From the five-star ski resorts of Park City to the other-worldly grandeur of Zion National Forest and Bryce Canyon, from the burgeoning outdoor wilderness scene in and around Ogden to the thrilling bike trails in the hills above Moab, Utah sets the pace for spine-tingling adventure.
The great outdoors is central to life in Utah. And it's a boon to the state's robust economy. Outdoor recreation contributes more than $12.3 billion in state GDP, employs more than 110,000 people earning nearly $4 billion in wages and helps drive a vibrant tourism industry.
Utah's natural assets include 54 million acres of public land, five stunning National Parks known collectively as "The Mighty Five," thousands of miles of hiking and biking trails and fourteen ski resorts set among "the greatest snow on earth."
There's more. Hunting in Utah is a multi-million dollar industry. Iconic sandstone walls attract rock and ice climbers. Boating and fishing on the state's abundant waters are as good as it gets.
"What really sets Utah apart is the public lands we have here and the recreational opportunities they present," says Nazz Kurth, president of Petzl America, the outdoor equipment giant headquartered in Salt Lake City. Kurth, like many Utahns, aggressively mixes work and play; he was reached by phone on a skiing trail high above the Utah capital.
"Utah," says Kurth, "attracts people who want a quality of life. That means working hard and also means playing hard. It means, for example, going skiing right out your back door. Or climbing towers in the desert. Or just camping out in the majesty."
Based internationally in Crolles, France, Petzl makes climbing equipment that includes helmets, harnesses, carabiners, ropes, and top-of-the-line headlamps. In addition to its recreational gear, Petzl supplies support equipment to professionals who work in the "vertical realm," says Kurth, such as arborists and firefighters. Petzl's Salt Lake City headquarters, completed in 2014 and certified Platinum LEED, includes a 60-foot indoor climbing wall.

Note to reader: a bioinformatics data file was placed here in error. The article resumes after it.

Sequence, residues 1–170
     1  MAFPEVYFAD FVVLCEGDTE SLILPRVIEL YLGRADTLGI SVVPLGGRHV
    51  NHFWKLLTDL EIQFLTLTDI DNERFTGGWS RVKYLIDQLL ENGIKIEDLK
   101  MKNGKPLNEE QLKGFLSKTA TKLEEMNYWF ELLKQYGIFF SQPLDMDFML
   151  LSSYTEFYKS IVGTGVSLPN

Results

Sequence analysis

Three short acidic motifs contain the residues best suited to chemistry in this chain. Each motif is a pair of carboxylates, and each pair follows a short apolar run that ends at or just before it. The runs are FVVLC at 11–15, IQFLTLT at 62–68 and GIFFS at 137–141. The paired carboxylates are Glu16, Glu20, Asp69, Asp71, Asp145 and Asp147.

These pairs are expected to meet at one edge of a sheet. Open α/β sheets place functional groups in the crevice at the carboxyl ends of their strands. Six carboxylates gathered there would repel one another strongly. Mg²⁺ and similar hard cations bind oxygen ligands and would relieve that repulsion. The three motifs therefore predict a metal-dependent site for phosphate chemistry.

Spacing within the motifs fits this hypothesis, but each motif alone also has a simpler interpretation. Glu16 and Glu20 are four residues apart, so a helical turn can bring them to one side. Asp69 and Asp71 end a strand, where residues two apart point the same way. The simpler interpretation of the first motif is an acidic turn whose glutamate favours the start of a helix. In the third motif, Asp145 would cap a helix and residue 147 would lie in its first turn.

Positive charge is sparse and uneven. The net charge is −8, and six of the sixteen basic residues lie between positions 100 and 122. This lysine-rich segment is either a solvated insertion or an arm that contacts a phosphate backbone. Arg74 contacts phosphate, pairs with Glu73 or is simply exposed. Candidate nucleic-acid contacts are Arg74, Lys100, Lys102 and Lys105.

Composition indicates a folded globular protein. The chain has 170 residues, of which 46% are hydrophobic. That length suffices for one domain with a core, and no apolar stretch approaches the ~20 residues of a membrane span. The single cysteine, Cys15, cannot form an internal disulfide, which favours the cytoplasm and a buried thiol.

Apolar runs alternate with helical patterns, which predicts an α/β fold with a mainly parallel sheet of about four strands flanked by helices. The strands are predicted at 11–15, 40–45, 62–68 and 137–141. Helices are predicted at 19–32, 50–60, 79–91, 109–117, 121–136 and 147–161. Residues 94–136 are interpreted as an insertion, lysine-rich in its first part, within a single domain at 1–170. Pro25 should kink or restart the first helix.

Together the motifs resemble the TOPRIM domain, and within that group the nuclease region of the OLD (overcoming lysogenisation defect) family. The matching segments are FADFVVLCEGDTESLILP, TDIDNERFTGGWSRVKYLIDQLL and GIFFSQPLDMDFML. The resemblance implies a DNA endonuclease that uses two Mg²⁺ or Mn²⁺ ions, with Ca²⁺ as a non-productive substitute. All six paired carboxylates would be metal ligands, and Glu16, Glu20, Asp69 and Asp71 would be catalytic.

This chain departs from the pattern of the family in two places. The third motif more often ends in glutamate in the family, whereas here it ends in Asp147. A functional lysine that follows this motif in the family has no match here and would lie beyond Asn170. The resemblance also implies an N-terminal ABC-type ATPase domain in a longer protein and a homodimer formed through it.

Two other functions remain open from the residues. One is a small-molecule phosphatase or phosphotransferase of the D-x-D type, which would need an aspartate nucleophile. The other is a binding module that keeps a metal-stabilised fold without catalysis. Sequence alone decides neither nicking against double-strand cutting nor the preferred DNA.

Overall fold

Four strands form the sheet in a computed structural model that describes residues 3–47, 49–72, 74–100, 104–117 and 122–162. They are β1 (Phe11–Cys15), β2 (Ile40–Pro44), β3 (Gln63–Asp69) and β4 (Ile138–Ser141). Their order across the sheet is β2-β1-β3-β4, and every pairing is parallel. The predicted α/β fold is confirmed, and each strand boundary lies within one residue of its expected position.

A Proving Ground for Outdoor Gear
For Petzl, and for dozens of other companies, Utah's great outdoors provides an optimal proving ground for product development. Amer Sports, located in Ogden, cites employees' use of nearby trails for helping push its Salomon line of hiking and trail running shoes.
"When we came to Utah," says Mike Dowse, president of Amer Sports Ball Sports, "Salomon wasn't known for its trail running products. I credit the trail system above Ogden for helping push that aspect of our line. There are a dozen trail heads right near our office."
Other outdoor companies that have chosen to headquarter in Utah in include Black Diamond, Skullcandy, Ground Zero, Easton and GPS. The outdoor economy has become such a boon to Utah that, in 2013, Governor Gary Herbert created a first-in-the nation statewide Office of Outdoor Recreation.
"Our mission," says director Tom Adams, "is to make sure that all Utahns can live an active lifestyle through outdoor recreation. People here tell their friends and family about Utah and tourism gets boosted. Then, before you know it, new businesses come to Utah. We've seen this happen time and time again. Every company we work with," says Adams, "says that outdoor recreation is a vital point of why they're moving to Utah."
Adams notes that, with the boost from the highly successful 2002 Winter Games, entire Utah communities, including Moab, Park City and Ogden have shifted economic focus from minerals extraction to outdoor sports. The Wall Street Journal has named Ogden as "the center of the outdoor sports gear" in the U.S. In addition to Amer Sports, outdoor companies that call Ogden home include ENVE Composites, Mercury Wheels and Osprey Packs.
Hoodoo Voodoo in Southern Utah
Zion National Park in extreme Southern Utah is the third-most popular national park in America, having greeted a record 4.5 million visitors in 2017. Bryce Canyon National Park enjoyed a record year, as well, ranking 12th nationally with 2.6 million visits.
Bewitching "hoodoos" greet guests at Bryce, a four-and-a-half hour drive south of Salt Lake City. The tall, skinny spires, according to the National Parks Service, appear in greater abundance in the park's cathedral-like northern section than anywhere else in the world.
Ranging from human-size to well over 100 feet tall, the jagged, totem-like formations are the product of 40 million years of erosion and "frost-wedging," the geological process of weathering caused water seeping into cracks, freezing and thus expanding.
Hoodoos, being in a constant state of decay, won't be at Bryce forever. Geologists believe their life span has about three million years remaining.